status: Endangered, IUCN Endangered, ESA
range: Bangladesh, Bhutan, Brunei, Cambodia, China, India, Indonesia, Laos, Malaysia, Myanmar, Nepal, Sri Lanka, Thailand, Vietnam
Description and biology
The Asian elephant, also known as the Indian elephant, is smaller than its relative, the African elephant. An average male Asian elephant weighs up to 11,500 pounds (5,220 kilograms) and stands 8.5 feet (2.6 meters) tall at its shoulder. Females of the species are slightly shorter in height and weigh up to 6,000 pounds (2,270 kilograms). The elephant has an arched back and a flat forehead. Its ears are smaller and its trunk shorter and smoother than those of the African elephant.
The Asian elephant's trunk, which is an extension of its nose and upper lip, has one fingerlike tip at the end that is used to grasp food and other items. Elephants also use their trunks for drinking, bathing, smelling, breathing, feeling, greeting, and communicating. All of the animals can create a variety of sounds with their trunks, from rumbling noises to the well-known trumpeting sound.
Unlike African elephants, only some male Asian elephants (and no females) have tusks, which are enlarged incisor teeth. Like its relative, the Asian elephant has four molar teeth, which are replaced up to six times during its lifetime. When the final set of teeth are worn out, the elephant can no longer chew its food, and it dies of starvation.
Asian elephants feed on more than 100 species of plants, including grasses, leaves, twigs, roots, and bark. The animals spend 17 to 18 hours foraging for the 330 pounds (150 kilograms) of food they require each day. They need large areas of forest habitat to supply this food, but they never travel far from a source of water, which they use daily for drinking and bathing.
Elephants have a close and complex social structure. Related females (mothers, daughters, sisters) and their young form herds headed by an older related female, called the matriarch. Older males live singly or together in a small group known as a bachelor herd. The relationships elephants form with each other last a lifetime, which is up to 70 years. When a member of a herd dies, the other members cover the dead body with leaves and twigs, then remain at the site for hours.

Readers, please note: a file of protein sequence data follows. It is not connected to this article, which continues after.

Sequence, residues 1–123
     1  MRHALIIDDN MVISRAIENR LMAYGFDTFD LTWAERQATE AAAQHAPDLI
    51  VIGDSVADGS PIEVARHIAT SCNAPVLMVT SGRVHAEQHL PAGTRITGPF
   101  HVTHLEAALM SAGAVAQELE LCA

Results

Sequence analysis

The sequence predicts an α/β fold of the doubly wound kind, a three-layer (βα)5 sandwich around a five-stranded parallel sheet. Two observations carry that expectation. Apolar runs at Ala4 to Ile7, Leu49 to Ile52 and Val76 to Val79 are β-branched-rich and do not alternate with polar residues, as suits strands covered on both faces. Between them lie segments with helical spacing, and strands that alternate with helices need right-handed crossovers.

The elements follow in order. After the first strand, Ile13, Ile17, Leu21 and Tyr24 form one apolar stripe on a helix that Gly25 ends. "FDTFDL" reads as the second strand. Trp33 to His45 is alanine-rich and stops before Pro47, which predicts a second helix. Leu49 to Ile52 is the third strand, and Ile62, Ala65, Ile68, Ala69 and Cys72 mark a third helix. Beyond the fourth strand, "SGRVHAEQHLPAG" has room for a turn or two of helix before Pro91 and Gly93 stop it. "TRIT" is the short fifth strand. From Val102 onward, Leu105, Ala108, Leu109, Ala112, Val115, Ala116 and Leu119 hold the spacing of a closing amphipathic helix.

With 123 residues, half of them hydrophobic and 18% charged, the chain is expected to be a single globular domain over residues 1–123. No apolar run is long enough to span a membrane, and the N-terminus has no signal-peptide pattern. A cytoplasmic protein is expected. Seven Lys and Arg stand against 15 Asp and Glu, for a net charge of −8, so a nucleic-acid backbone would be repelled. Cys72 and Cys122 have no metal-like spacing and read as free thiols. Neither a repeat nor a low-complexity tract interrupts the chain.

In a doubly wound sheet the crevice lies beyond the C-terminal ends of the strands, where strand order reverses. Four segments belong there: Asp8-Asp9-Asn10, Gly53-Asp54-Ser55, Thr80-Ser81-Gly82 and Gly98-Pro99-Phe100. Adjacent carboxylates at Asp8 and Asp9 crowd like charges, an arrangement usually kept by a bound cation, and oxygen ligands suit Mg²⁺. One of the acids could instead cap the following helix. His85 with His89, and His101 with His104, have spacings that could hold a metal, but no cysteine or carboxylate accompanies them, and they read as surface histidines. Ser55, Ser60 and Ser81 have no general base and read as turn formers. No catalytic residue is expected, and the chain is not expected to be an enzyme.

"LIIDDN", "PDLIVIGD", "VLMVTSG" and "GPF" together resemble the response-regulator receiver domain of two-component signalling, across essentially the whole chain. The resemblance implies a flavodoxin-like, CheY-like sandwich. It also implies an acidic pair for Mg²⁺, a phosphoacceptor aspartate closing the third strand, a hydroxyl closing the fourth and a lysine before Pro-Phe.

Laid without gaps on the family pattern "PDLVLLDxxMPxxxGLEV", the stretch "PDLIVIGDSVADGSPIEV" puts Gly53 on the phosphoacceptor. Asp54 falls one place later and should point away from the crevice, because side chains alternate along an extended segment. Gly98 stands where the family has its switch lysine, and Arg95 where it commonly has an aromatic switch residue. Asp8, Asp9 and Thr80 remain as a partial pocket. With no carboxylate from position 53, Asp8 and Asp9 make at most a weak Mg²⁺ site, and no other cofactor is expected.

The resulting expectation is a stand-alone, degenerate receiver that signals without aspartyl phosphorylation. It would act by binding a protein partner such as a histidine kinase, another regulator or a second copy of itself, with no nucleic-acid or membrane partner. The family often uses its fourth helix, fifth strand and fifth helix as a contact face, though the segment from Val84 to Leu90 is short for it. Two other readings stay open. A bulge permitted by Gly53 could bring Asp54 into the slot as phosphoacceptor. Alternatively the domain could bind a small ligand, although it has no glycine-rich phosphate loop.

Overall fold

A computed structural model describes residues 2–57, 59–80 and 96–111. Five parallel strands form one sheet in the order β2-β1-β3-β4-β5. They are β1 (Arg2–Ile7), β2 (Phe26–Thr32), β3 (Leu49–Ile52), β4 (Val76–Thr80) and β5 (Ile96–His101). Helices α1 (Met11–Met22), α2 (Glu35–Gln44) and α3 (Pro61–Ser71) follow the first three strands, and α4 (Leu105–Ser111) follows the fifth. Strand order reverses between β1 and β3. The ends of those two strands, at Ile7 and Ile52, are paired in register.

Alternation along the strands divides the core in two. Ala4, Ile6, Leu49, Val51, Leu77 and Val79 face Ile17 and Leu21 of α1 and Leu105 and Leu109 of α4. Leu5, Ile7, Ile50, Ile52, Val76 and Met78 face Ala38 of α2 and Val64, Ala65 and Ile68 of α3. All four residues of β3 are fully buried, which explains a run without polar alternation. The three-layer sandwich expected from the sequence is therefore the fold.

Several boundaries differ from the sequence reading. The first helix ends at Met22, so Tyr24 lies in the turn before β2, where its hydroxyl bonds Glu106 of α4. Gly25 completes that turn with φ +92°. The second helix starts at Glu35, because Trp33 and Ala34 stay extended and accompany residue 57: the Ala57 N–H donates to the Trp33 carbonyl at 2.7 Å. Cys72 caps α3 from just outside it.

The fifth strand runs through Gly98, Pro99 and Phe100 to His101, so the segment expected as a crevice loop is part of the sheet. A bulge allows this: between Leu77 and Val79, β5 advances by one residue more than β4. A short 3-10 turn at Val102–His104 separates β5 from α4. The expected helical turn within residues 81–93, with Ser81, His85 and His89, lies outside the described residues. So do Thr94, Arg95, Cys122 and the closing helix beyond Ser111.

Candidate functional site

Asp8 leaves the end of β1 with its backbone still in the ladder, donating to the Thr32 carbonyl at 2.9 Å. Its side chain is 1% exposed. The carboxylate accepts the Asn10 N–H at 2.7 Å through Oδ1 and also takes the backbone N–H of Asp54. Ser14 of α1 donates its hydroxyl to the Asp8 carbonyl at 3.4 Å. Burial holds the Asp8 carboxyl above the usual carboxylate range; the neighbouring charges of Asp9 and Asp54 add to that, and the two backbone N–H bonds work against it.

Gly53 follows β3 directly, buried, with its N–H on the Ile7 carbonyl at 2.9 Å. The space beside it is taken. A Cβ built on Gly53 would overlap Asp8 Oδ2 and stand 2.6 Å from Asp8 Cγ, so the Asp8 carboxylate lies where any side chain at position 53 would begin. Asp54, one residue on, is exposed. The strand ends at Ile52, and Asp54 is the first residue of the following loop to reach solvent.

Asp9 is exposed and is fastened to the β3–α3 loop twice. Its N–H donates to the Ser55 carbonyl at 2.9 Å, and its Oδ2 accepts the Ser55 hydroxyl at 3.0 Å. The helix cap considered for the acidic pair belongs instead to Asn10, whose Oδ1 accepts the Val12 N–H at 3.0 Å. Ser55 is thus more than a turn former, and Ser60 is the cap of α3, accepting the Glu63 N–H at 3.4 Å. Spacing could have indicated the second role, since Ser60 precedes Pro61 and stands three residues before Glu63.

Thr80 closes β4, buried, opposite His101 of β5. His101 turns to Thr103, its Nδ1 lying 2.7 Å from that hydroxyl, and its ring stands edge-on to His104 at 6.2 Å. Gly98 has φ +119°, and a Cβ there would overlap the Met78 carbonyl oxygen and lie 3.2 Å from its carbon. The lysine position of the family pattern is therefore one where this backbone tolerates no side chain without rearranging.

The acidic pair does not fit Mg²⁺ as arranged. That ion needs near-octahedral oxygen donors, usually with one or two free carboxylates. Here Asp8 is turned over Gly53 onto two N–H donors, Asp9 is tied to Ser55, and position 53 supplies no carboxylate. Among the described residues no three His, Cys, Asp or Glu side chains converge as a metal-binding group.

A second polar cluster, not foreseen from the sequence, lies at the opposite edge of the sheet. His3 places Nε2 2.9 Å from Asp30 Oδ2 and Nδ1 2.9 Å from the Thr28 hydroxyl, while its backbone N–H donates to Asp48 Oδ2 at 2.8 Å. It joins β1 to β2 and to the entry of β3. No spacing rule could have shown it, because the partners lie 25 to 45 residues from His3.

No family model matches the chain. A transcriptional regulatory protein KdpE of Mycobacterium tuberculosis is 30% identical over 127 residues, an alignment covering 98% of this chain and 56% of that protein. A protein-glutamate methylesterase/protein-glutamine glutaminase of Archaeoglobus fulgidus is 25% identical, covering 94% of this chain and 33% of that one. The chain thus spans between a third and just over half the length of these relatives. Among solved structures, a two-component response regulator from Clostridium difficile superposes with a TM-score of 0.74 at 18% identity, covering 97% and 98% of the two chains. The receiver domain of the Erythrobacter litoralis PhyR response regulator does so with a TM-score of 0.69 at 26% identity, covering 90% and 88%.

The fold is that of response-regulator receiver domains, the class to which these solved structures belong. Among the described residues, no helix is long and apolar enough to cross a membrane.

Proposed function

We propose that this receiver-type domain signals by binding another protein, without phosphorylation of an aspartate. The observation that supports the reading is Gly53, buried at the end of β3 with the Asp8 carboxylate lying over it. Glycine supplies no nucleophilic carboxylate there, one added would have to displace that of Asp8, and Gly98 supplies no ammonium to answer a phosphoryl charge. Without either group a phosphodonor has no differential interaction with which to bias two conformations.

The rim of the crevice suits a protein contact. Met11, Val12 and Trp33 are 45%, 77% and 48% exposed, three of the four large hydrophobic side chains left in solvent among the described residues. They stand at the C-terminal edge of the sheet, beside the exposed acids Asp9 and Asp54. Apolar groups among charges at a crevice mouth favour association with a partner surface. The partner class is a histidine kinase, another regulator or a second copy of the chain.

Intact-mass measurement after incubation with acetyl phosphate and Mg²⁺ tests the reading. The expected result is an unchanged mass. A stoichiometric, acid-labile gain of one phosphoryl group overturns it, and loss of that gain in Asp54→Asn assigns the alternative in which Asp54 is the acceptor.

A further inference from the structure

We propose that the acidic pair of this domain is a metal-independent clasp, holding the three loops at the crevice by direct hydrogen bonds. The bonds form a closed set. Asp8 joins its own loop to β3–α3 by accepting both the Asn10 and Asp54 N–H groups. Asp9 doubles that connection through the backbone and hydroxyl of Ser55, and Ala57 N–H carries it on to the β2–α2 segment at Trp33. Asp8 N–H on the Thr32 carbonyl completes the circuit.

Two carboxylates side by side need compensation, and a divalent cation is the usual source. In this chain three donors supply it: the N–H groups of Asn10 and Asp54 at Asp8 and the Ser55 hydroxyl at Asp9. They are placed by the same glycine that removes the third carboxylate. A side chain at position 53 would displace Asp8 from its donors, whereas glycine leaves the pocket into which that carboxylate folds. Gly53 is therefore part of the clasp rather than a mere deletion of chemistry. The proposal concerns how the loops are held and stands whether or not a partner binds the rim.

Males and females associate with each other only for mating and sometimes for feeding. After a gestation (pregnancy) period of 18 to 22 months, a female Asian elephant gives birth to a single calf. The calf nurses and remains dependent on its mother for three to four years.
Habitat and current distribution
Asian elephants once ranged from Iraq to southern China. They now occupy the forests and jungles of India, Sri Lanka, China, Indonesia, and southeast Asia. Biologists (people who study living organisms) estimate that about 55,000 Asian elephants remain in the wild, occupying a habitat of only about 190,000 square miles (492,000 square kilometers). The largest population is found in India.
History and conservation measures
Humans have domesticated Asian elephants for centuries, using them to carry people and goods. The elephants have been used extensively in the timber industry, carrying items such as logs with their trunks.
Because many Asian elephants do not have tusks, they have not been hunted to supply the ivory trade as much as African elephants have (tusks are composed of ivory, a substance that has been used to make items ranging from jewelry to piano keys). Nevertheless, the Asian elephant faces greater threats to its existence than its African relative.
Deforestation, the loss of forests as they are cut down to produce timber or to make land available for agriculture, has had a devastating impact on Asian elephants. The animals need large forest areas to supply their daily food needs. Growing human populations in the region (in India alone, the human population has more than tripled in the twentieth century) have converted vast areas of forested land into farmland. As a result, much of the elephant's habitat has been reduced, and they are forced to live in pockets of forest surrounded by cultivated land. Seeking food, they often eat crops planted on farms that were once their feeding grounds. This brings them into greater conflict with humans.
Asian elephants are still used in the Asian timber industry. Unless protected areas for the animals and human populations stabilize in the region, the continued survival of Asian elephants is in jeopardy.